1. Fiberglass. Relatively new in the window industry, fiberglass may not be widely available. With some of the highest R-values, fiberglass frames are excellent for insulating and will not warp, shrink, swell, rot or corrode. Unprotected fiberglass does not hold up to the weather and should always be painted. Some fiberglass frames are hollow; others are filled with fiberglass insulation.
2. Clad-wood. Clad-wood frames have a regular wood frame that is protected by exterior layers of water resistant material (vinyl, fiberglass or aluminum). Clad-wood is low maintenance, has very low thermal conductivity and comes in a variety of colors. Wood-clad frames are fairly expensive.
3. Wood. Wood-framed windows are popular with log homeowners as wood stay true to the design and materials. Their fibrous makeup means they don’t conduct heat or cold, making them an energy-efficient choice. Unfortunately, wood frames have issues with swelling, shrinking, warping and water damage.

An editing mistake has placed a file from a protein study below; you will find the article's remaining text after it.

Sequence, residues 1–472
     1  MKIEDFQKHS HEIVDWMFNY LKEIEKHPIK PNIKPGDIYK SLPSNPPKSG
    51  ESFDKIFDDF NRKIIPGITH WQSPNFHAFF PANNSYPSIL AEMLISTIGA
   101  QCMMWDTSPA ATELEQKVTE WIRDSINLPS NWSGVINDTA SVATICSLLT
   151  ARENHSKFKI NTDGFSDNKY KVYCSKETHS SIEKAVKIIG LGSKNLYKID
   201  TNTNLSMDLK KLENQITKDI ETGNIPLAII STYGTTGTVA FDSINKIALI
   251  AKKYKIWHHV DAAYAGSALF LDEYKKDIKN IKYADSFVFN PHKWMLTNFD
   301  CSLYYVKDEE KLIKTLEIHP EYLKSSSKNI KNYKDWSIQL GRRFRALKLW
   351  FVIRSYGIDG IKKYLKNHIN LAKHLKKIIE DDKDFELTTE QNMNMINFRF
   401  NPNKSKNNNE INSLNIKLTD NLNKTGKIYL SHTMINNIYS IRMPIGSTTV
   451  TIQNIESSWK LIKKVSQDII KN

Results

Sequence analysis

4. Aluminum. Aluminum frames have several advantages over wood: they’re more durable, weigh less, are thinner and easier to work with, and are easy to transport. But while they’re also inexpensive and durable, they also tend to transfer heat out of your home at a high rate (unless you get a high-quality aluminum frame with an incorporated thermal break). They are available in a variety of color choices and can be coated to resist corrosion and can be painted to match your color scheme.
5. Vinyl. Vinyl frames are popular due to low cost and high insulation factors. They don’t conduct heat or cold in the same way that aluminum frames do, and they don’t have the maintenance problems of wood. Color choices are limited and painting may not be recommended (warping may occur from the sun if vinyl is painted a dark color), and the quality can vary greatly. Look for good welded corners and thick frames.